Let’s recall our fundamental tenets for achieving the end goal of ensuring a vibrant, plural, diverse, and democratic arena for publishing and discussing news and the world we live in. First, measures aimed at strengthening journalism shouldn’t serve to curb the circulation and discussion of news. Access to information and free expression are human and fundamental rights that these measures must champion, not endanger. Second, fortifying a free, independent, and diverse press entails the creation of alternatives to overcome news outlets’ dependency on Big Tech, instead of reinforcing it.

While PL 2370 and PL 1354 are important vectors for going a step further towards journalism sustainability in Brazil, their current language still fails to properly meet such concerns.

The draft bills follow the model of private agreements between digital platforms and news companies based on the “use” of journalistic content. Setting the kind of “use” that triggers remuneration vis-à-vis reasonable use exceptions has been complex and debated. The fear that this approach ends up favoring only the big players or that the money doesn’t get to the journalists actually doing the work has also driven discussions. Worryingly, there are no transparency requirements in the drafts for such remuneration deals. The bills don’t look at the market distortions we presented earlier. Relatedly, they don’t explore alternative approaches to Big Tech’s central intermediation role in how information and revenues are distributed. In fact, they may serve to cement the current dependency course.

By combining structural market measures and a policy decision to strengthen journalism, Brazilian decision makers, including Congress, should instead:

  • Establish restrictions for companies to operate in two or more parts of the ad-tech stack. Big Tech firms would have to choose if they want to represent the “demand-side”, the “supply side” or offer the “marketplace” where both meet. A draft law in the U.S. aims precisely to bridle such abusive situation and can inspire the Brazilian draft legislation.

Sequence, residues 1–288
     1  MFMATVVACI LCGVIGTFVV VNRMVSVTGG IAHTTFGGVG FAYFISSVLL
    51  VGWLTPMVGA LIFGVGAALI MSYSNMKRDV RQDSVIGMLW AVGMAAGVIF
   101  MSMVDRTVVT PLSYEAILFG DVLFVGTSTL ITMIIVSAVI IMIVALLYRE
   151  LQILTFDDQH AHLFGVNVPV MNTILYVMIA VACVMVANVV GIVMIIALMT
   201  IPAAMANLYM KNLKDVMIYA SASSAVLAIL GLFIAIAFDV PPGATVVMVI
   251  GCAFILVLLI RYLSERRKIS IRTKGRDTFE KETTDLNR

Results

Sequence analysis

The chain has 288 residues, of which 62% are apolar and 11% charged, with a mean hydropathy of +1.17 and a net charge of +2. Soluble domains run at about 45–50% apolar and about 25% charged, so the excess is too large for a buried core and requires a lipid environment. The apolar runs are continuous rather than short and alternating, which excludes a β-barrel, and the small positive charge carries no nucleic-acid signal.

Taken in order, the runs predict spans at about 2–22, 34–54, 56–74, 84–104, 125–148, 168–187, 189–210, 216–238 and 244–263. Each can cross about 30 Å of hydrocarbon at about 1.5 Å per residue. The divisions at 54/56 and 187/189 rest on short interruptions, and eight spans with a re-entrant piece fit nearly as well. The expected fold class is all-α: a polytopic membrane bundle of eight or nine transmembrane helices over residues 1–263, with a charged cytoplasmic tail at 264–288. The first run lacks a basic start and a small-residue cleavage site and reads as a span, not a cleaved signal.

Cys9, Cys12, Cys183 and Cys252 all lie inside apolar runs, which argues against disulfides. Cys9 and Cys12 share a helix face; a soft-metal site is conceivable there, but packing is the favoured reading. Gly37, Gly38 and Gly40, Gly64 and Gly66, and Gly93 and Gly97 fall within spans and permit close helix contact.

• Ramp up the transparency of the ad-tech ecosystem and the flow of ad spending. For example, by requiring ad-tech platforms to disclose the underlying criteria (including figures) used to calculate ad revenues and viewership, backstopped by independent auditors.
  • Adopt further measures that can reduce Big Tech’s dominant role as intermediaries of publishers’ revenues coming from ads or subscribers. For example, to allow smaller players to participate in real-time bidding, incentivize more competitive solutions in such ecosystem, and open up the market of app stores. Currently, Google or Apple pocket 30 percent of every in-app subscription or micropayment dollar. As we noted, the EU and the U.S. are taking measures to change that. 
  • Build on Brazil's data protection legal framework  to stop surveillance advertising and return to contextual ads, which are based on the context in which it appears: what article it appears alongside of, or which publication. Rather than following users around to target them with ads, contextual advertisers seek out content that is relevant to their messages, and place ads alongside that content. This would dismiss the data advantage enjoyed by Big Tech companies in the ad ecosystem.